Health and education are fundamental pillars of society. These are basic civil rights as well. A year before our Independence, The Bhore Committee presented a report that became the template on which independent India built her healthcare infrastructure, from Primary Health Centres (PHCs), Secondary Health Centres (SHCs) to District hospitals. Planning and provision of preventive care, along with curative care, were significant recommendations for public health. PHC was suggested for a population of 40,000. They were to be staffed by two doctors, one nurse, four public health nurses, four midwives, four trained dais, two sanitary inspectors, two health assistants, one pharmacist, and fifteen other class IV employees.
Secondary centres provided support to PHCs and coordinated and supervised their functioning. Based on these seminal recommendations, many states, over a period, excelled in providing healthcare at the ground level based on key health parameters—an increase in life expectancy and a decrease in infant and maternal mortality rates. However, this is not uniform across our vast country, and various gaps need to be addressed as a priority. Let us use ‘Amritkaal’ to ensure that by 2047, we establish a truly functional healthcare delivery system at PHC and SHC levels for ‘Bharat’.
From the 1950s to the 80s, healthcare delivery was primarily managed by the public sector. A few trust hospitals existed but were limited to a few metropolitan cities. It was in 1983 that India witnessed the emergence of the private sector in healthcare substantially. Dr Prathap Reddy turned his dreams to life with the first Apollo Hospital in Madras (now Chennai).
Being a clinician in the US, he used his training and experience to develop a modern healthcare infrastructure with state-of-the-art medical equipment at par with any developed country. This attracted medical talent from across India and abroad to function and provide best-in-class healthcare comparable to the best hospitals in the world. Apollo expanded its outreach by establishing similar facilities in Hyderabad in the late 1980s and in New Delhi in the mid-1990s.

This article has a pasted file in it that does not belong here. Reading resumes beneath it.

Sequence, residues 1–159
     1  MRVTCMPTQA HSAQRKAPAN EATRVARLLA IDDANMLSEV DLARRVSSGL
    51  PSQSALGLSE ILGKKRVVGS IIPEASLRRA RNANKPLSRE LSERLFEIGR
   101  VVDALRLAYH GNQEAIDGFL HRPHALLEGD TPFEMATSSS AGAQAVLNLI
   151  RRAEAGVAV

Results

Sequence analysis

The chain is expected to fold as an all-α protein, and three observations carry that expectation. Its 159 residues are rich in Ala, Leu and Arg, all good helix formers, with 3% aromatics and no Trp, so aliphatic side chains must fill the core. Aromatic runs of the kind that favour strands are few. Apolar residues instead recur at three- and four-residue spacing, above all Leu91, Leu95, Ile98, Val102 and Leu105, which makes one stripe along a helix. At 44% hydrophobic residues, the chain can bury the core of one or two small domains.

During those days, the latter was the fourth largest corporate hospital across the globe—a truly visionary step forward with the best medical infrastructure. It was also in the late 1980s when Dr Naresh Trehan, a young heart surgeon working in New York, returned to India and assisted in establishing Escorts Heart and Research Institute with support from the Escorts group. Before the establishment of Apollo and Escorts, the only option for superior quality high-end cardiac care was the UK or the US. As patients started experiencing cardiac care here, equivalent to or better than what was available outside India, high-end cardiac care started getting established in India.
These two harbingers of change in the Indian healthcare ecosystem extended the idea of private enterprise in healthcare; encouraged other entrepreneurs to build tertiary and later quaternary multispecialty facilities, such as Narayana, Fortis, Max, Manipal, and Medanta emerged as prominent healthcare providers. Growth in the private healthcare ecosystem, which had the best healthcare infrastructure, attracted the best medical talent within and from outside India to come on board and practice medicine. A reverse brain did happen, and it continues.
Medical Value Travel (MVT) is accelerating growth and helping us generate significant foreign exchange. Hospitals can avail of customs duty reduction tied in with foreign exchange they generate from MVT for the purchase of costly medical equipment—an excellent initiative from our government that has boosted medical infrastructure.